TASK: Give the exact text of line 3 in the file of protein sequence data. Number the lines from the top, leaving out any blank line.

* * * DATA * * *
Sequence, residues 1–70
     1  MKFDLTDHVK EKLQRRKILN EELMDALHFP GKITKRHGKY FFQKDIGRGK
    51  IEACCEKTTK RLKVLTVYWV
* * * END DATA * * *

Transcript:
    51  IEACCEKTTK RLKVLTVYWV